Moral injury is gaining recognition as a serious psychological problem that affects some combat veterans. Moral injury, a feeling of inner conflict that arises when actions taken during deployment betray a veteran’s moral beliefs, is seen by many behavioral health professionals as both a spiritual and emotional health problem that presents unique symptoms and challenges. It is also at the center of a new program from DePaul’s Egan Office for Urban Education & Community Partnerships at the Steans Center—the Multi-Faith Veterans Support Project.
Funded by the Robert R. McCormick Foundation, the initiative aims to improve the quality of life for veterans and their families by making connections between faith communities and behavioral health resources; providing community engagement training and spiritual care training to faith-based organizations on military-related moral injury, post-traumatic stress disorder (PTSD), suicide and other topics related to service member and family care; and identifying, sharing and advancing best practices among faith communities for proactively engaging veterans and military families and integrating their unique gifts as community assets.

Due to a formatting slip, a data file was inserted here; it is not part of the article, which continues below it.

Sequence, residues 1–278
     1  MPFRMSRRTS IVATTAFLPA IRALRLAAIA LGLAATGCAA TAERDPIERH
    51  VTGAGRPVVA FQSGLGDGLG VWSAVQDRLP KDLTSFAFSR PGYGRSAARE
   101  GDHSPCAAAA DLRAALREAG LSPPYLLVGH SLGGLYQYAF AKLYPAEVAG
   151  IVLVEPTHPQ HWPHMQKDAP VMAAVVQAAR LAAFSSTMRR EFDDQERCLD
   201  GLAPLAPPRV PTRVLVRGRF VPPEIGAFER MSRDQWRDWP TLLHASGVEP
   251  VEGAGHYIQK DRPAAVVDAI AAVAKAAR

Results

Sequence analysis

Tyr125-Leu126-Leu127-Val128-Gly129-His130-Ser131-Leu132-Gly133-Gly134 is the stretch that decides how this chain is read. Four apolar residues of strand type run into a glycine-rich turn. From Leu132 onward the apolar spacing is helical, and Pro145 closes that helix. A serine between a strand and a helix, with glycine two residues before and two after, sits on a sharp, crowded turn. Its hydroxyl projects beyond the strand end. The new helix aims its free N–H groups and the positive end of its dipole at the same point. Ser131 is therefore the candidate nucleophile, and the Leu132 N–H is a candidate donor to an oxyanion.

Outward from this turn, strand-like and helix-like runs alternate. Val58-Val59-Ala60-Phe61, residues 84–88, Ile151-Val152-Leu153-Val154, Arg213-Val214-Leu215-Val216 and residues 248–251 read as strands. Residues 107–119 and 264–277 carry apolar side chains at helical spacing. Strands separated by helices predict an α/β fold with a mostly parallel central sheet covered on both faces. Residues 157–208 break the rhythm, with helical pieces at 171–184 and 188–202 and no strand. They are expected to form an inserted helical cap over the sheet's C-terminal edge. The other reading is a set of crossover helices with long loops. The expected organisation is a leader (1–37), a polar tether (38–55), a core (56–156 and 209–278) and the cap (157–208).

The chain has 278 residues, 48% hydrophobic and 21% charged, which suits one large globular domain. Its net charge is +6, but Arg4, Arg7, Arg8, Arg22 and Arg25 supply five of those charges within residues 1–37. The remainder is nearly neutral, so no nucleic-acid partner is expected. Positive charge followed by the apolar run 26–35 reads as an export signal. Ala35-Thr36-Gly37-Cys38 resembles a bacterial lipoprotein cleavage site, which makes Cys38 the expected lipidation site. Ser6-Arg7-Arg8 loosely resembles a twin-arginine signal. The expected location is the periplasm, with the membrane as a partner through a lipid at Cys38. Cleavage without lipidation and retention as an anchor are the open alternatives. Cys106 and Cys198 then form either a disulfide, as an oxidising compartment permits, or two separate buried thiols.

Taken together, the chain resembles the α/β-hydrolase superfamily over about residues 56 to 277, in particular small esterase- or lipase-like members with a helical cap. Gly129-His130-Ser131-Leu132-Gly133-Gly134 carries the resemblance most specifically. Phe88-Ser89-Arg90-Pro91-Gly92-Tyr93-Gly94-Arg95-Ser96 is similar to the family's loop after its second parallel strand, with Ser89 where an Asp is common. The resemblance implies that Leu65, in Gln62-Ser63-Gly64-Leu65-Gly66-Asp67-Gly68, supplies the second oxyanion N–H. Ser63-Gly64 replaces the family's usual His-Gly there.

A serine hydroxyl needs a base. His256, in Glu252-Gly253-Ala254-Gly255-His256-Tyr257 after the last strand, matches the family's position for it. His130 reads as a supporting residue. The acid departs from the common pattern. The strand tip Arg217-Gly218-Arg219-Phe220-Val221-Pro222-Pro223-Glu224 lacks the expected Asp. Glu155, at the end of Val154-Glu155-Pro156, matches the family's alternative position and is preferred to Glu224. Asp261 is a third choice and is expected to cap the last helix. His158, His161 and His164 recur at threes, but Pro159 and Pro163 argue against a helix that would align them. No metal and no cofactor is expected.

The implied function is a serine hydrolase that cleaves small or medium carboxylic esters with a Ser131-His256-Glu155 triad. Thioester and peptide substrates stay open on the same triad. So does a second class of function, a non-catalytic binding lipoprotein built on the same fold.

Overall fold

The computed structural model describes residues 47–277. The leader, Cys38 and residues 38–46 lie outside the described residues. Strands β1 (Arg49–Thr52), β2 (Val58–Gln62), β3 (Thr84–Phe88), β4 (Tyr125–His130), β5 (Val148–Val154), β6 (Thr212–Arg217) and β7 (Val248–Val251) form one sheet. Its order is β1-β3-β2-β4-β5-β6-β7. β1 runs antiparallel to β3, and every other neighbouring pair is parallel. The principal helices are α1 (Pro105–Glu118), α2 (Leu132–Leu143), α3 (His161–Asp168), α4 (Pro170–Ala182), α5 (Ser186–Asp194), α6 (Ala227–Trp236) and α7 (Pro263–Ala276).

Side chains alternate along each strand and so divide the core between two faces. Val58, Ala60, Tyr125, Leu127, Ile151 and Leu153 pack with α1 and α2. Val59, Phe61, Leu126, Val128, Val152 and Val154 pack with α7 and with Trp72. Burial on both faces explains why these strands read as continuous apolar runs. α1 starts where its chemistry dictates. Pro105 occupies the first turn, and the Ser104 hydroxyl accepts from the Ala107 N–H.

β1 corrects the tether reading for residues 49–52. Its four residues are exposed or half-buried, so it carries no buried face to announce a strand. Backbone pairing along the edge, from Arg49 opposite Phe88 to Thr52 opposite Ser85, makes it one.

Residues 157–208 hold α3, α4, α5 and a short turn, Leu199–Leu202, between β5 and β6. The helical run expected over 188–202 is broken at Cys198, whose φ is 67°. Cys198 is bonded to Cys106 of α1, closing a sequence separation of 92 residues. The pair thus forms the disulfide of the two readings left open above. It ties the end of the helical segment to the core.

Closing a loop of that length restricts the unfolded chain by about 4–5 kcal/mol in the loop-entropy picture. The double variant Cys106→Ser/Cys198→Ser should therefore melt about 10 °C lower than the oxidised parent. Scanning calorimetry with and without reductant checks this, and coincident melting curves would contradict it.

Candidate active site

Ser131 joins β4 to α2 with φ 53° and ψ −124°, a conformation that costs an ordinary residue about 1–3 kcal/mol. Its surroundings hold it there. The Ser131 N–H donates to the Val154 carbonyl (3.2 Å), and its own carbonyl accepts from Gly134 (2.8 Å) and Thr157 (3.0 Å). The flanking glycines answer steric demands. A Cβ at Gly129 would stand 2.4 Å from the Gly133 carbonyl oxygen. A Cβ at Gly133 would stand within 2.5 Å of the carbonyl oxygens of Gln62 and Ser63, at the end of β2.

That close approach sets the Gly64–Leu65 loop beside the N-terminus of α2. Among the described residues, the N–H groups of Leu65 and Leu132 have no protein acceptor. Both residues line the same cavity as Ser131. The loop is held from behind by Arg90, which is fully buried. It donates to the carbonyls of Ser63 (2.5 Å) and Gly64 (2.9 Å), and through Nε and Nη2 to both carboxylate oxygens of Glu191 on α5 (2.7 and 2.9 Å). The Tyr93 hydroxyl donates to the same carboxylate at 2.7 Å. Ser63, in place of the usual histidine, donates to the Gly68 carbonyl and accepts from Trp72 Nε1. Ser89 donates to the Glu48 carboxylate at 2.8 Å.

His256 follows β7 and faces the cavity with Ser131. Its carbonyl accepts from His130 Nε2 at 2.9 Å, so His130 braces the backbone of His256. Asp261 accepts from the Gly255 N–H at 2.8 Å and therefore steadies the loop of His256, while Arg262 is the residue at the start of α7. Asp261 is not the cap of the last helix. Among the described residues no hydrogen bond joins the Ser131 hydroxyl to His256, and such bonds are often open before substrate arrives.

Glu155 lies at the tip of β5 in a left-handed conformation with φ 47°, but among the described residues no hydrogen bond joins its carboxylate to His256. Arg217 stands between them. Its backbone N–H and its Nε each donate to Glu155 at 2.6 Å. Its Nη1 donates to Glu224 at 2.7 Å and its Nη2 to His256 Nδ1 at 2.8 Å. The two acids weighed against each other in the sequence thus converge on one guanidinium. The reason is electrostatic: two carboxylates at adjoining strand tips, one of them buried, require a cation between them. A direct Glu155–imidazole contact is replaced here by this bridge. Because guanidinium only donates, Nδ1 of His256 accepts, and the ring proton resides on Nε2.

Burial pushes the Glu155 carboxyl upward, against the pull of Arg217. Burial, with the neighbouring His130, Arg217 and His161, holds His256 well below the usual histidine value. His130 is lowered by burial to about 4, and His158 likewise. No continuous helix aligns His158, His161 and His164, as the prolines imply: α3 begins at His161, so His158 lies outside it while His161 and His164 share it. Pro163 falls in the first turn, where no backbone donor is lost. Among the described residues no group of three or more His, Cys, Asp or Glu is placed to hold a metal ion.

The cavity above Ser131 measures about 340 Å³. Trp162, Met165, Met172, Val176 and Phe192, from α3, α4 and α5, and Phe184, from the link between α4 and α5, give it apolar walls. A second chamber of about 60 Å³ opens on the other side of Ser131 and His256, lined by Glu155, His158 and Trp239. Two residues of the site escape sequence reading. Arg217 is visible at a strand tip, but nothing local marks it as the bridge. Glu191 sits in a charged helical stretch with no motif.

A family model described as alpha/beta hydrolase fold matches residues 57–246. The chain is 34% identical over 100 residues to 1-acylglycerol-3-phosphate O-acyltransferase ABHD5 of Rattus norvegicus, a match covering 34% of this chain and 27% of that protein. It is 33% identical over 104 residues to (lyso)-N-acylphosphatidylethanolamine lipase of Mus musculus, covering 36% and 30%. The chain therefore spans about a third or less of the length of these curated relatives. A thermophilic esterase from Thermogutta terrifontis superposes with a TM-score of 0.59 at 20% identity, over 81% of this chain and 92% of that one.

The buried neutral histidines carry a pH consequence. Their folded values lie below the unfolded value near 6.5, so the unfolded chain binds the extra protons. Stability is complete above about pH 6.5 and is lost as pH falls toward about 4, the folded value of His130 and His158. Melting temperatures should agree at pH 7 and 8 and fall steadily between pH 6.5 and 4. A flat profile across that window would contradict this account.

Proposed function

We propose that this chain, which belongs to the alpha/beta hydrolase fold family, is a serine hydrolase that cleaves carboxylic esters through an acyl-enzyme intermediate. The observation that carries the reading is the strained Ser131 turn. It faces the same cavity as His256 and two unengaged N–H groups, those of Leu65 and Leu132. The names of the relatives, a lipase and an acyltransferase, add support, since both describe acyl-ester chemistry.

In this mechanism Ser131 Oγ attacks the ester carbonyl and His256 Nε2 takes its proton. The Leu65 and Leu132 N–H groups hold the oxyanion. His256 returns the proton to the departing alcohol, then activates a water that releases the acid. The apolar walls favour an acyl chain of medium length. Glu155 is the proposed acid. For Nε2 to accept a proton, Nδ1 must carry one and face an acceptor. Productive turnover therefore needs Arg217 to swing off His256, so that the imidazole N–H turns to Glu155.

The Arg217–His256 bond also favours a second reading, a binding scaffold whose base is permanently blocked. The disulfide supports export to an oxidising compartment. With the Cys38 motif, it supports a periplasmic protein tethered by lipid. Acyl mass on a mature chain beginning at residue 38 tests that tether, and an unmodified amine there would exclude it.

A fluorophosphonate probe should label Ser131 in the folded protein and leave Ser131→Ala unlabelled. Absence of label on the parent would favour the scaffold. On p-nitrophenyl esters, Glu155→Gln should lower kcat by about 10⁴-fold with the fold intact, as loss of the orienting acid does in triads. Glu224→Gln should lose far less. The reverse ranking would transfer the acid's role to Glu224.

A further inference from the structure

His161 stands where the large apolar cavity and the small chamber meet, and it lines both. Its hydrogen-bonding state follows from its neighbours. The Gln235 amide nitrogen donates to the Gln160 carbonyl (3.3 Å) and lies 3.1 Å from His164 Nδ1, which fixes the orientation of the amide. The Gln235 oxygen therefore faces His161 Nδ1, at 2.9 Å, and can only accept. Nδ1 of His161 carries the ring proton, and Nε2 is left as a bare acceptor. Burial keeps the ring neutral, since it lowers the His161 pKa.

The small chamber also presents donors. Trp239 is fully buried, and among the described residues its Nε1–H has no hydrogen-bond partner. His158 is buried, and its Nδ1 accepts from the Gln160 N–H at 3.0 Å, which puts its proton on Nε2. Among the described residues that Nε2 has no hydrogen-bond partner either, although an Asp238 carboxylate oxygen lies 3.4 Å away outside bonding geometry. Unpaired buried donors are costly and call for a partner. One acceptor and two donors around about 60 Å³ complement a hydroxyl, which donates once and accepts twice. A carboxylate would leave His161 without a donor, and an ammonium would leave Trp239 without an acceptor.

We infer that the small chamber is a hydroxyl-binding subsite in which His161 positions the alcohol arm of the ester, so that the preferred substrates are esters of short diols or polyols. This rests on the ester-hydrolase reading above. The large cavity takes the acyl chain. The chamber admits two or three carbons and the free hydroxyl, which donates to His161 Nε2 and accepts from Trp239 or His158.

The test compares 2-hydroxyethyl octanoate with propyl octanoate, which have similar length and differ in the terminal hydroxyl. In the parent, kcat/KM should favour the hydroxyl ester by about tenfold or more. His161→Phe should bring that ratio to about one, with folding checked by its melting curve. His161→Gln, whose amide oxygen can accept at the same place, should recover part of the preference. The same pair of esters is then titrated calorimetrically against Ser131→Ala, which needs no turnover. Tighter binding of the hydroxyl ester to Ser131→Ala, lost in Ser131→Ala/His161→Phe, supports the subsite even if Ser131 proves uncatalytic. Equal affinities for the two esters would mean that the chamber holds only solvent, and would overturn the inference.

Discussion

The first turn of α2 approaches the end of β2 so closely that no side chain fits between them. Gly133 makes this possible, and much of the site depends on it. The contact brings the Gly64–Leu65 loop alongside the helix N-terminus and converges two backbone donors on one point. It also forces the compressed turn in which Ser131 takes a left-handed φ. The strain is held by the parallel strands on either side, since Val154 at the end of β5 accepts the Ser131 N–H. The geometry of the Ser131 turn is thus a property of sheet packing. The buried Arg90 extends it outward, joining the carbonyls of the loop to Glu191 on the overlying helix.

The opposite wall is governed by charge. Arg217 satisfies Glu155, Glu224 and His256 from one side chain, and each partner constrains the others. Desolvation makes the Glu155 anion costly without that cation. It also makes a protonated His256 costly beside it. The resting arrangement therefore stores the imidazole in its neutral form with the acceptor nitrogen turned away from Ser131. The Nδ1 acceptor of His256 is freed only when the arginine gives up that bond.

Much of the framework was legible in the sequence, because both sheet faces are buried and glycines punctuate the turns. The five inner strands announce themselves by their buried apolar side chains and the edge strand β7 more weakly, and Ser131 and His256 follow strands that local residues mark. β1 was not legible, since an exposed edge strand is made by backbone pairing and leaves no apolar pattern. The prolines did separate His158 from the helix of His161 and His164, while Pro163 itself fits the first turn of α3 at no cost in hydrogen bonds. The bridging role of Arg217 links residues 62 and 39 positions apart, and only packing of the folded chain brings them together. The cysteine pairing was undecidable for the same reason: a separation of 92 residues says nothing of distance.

"Moral Injury and the Military Veteran: DePaul's Multi-Faith Veterans Support Project,"
12015, Article 2.
Available at: http://via.library.depaul.edu/depaul-magazine/vol1/iss12015/2